New research shows the e-cigarettes being smoked in this country contain about 1 percent of the toxicants of ordinary cigarettes.
The study, released today in the New Zealand Medical Journal, looked at the levels of nicotine and harmful toxicants, such as aldehydes, produced by electronic cigarettes.
The study found nicotine levels were half-to-two thirds that of a normal cigarette, but toxicity levels were 100 times lower.
Across the e-cigarettes tested, on average they had 0.93 percent of the formaldehyde, 0.04 percent of the acetaldehyde and 0.43 percent of the acrolein of a normal, ''combustible'' Marlboro king size filter cigarette.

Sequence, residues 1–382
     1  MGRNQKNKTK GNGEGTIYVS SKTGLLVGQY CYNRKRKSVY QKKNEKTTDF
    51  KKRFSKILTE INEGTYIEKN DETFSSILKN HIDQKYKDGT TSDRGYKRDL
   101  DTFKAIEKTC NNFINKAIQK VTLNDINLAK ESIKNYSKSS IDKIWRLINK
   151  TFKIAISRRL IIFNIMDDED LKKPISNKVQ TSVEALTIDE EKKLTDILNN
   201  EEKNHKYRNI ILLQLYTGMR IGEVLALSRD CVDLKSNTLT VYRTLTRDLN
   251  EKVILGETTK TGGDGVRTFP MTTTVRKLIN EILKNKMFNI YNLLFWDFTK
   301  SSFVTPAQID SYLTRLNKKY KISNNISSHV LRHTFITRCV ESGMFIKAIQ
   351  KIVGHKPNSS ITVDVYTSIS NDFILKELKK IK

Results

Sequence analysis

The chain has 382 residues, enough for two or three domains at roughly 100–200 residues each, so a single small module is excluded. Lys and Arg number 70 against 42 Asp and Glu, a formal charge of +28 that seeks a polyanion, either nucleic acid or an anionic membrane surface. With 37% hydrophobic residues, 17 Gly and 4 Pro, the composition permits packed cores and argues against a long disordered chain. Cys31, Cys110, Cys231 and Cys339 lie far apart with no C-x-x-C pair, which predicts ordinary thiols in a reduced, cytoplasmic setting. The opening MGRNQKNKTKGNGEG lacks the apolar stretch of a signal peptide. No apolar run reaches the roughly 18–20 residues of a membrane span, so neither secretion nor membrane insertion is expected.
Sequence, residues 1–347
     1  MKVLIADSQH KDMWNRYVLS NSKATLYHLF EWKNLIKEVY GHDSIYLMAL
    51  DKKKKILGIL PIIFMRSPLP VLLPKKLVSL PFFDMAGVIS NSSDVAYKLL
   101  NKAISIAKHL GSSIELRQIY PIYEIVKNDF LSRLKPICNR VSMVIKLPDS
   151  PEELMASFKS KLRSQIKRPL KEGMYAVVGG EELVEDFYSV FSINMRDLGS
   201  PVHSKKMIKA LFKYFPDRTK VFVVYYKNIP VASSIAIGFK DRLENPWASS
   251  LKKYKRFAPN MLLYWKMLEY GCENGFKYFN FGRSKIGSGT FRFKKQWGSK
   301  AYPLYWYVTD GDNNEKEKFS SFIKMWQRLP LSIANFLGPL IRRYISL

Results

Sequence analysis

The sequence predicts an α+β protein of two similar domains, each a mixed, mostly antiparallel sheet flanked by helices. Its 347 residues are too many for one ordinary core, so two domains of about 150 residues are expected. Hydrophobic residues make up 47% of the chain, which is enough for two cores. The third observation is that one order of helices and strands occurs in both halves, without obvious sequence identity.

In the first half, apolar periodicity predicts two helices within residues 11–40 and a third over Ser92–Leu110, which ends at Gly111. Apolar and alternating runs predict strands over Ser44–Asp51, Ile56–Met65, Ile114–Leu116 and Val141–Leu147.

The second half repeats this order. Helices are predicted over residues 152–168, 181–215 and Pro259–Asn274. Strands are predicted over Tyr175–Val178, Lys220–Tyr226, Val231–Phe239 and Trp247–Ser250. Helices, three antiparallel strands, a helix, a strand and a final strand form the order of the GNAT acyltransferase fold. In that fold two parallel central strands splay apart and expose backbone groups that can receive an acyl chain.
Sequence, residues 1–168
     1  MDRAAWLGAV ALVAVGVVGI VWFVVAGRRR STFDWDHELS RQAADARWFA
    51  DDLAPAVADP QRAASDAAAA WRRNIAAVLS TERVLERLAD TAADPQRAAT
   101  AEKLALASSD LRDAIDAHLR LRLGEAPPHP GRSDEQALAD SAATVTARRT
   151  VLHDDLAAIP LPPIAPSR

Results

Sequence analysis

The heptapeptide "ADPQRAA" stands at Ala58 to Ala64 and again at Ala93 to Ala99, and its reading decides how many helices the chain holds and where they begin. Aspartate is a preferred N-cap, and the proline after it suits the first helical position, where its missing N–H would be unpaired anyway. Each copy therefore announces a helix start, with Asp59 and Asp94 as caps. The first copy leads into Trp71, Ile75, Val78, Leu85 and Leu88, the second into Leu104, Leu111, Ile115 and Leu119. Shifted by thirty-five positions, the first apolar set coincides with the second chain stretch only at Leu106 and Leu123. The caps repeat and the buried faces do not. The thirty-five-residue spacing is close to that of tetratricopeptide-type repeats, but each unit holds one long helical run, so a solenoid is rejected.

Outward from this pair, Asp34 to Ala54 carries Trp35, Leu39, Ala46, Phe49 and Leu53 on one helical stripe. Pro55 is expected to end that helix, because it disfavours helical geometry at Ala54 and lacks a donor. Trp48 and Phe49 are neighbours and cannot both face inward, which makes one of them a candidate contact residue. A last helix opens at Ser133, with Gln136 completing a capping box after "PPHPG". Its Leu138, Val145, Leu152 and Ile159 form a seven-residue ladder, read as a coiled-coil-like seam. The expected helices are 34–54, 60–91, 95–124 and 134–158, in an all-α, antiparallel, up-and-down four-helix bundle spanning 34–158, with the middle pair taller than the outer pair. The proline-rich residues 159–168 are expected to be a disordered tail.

Author Murray Laugesen said the nicotine levels in e-cigarettes were sufficient to help people kick the habit.
"This research is designed to reduce the risk of people being scared of e-cigarettes for no good reason," he said.
But e-cigarettes with nicotine could not be sold legally within New Zealand, even though they were readily available online.
Dr Laugesen said it was time for that to change as it was blocking a pathway out of the smoking addiction, to help "get [smokers] on track to make some tough decisions and get rid of combustibles out of their lives".